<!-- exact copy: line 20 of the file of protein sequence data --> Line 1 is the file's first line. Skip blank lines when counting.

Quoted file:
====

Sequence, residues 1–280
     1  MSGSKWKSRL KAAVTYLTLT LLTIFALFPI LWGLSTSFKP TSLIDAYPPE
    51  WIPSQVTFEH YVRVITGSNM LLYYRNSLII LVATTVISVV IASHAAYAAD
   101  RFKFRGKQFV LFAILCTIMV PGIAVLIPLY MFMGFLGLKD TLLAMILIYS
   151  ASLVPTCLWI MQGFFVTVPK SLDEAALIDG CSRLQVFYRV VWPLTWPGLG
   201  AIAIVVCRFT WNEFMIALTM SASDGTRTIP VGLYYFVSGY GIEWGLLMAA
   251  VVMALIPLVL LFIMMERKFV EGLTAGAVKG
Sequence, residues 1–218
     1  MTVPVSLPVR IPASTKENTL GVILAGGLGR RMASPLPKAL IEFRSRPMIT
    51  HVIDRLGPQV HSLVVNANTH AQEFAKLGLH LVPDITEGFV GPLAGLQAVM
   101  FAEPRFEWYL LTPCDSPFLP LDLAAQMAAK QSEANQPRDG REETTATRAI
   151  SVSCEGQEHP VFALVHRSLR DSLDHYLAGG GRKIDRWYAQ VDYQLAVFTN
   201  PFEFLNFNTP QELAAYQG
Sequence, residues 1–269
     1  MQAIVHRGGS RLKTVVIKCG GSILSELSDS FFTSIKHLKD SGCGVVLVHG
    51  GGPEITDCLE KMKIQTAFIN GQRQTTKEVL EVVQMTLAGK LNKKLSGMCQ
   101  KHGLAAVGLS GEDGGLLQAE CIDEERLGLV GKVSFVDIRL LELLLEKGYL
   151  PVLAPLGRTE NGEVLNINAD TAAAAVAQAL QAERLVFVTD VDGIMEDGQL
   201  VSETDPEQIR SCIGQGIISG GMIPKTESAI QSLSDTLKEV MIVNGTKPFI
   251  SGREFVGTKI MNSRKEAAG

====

   251  SGREFVGTKI MNSRKEAAG